Tuesday, July 10, 2007

North Shore and Thunder Bay

Patrick and I drove to Thunder Bay, Ontario this past weekend. The drive up the North Shore of Lake Superior was truly fine: crystalline air; a clear blue sky; a big blue lake; a rocky shore line; and low mountains covered with an intensely green pine, birch and aspen forest. The stretch north of Grand Marais, including the Grand Portage Reservation, was especially amazing. This is seriously beautiful country. We didn't take pictures the first day, and the following two days were partly cloudy with hazy air. Not nearly as pretty.

Thunder Bay is a working port, mostly low buildings spread out along a harbor. The only public access to the lake (as far as I could tell) is Marina Park, which was occupied by a Blues Festival while we were there. If we'd had more time, we could have driven the waterfront roads and maybe seen some boats loading grain. This is a major terminal for grain from the prairie provinces going by ship to the rest of the world; and there are huge rows of elevators at either end of the harbor. On another, brighter day, when it wasn't 85 degrees, humid and overcast, the elevators might have looked more impressive.

As it was, we took a brief look at the hazy harbor, then went to the history museum, which was small and dusty, and then to the small but fine Thunder Bay Art Gallery. The Gallery has a focus on contemporary First Nations art; and there was an exhibit of drawings by an Ojibwa artist, which Pat and I liked a lot. They were done with white and turquoise pencils on black paper: flat, stylized human and animal figures deriving from North American pictographs, Australian aborigine painting and even European cave art.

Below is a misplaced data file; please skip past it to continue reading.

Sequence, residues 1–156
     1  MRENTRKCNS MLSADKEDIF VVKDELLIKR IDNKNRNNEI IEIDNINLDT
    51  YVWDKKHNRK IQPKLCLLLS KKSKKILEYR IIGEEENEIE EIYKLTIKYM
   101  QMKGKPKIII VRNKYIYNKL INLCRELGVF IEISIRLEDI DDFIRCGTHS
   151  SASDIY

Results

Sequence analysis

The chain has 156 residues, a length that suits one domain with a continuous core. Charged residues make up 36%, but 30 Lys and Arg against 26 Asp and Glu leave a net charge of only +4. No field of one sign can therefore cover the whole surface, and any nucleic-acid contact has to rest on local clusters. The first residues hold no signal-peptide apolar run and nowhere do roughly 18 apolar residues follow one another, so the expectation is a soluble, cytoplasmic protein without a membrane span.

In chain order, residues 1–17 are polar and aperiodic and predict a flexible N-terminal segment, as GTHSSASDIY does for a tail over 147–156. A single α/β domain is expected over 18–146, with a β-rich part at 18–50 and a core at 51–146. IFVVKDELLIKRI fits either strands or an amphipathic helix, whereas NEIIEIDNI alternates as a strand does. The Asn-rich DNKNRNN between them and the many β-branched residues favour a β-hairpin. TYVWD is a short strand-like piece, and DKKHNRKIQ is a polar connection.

The artist's name is Ahmoo Angeconeb. The Gallery is raffling off one of his drawings. I bought three tickets. I don't expect to win, but it's nice to dream.

That was one high point to the trip. Another was Kakabeka Falls Provincial Park, which we saw the next day. The falls drop 120 feet into a rocky canyon, edged by pine forest. We made up for taking no pictures on the first day of the trip by taking a lot of the falls and canyon.

We stopped at the Grand Portage National Monument on the way south and took pictures of the modest recreation of a fur trading fort, trying to keep modern objects, such as the asphalt road, out of the pictures. I suddenly realized I was photographing the neatly trimmed lawn, which has to be as unhistorical as the highway. I can't imagine the voyageurs out with scythes, cutting the grass, which was probably not available in the Northwest in 1800. Doesn't lawn grass come from Europe?

I just checked. American grasses are not suitable for lawns, and English grass did not do well in North American climates. Our current lawn grass was developed in the early 20th century by an alliance of golfers and the Department of Agriculture.

Farther down south, we stopped in Two Harbors. There were two ore boats at the taconite docks. We took more pictures, but decided not to wait till the ships left. It didn't look as if either was ready to go.

So -- beautiful scenery, art, ore boats and a little history. Not a bad trip, though we were both tired when we got back.

I forgot to mention, when I first wrote this, that the lilacs and peonies were blooming up north, a month after they bloomed in the Twin Cities. It was as if we had spring back for a day or two.


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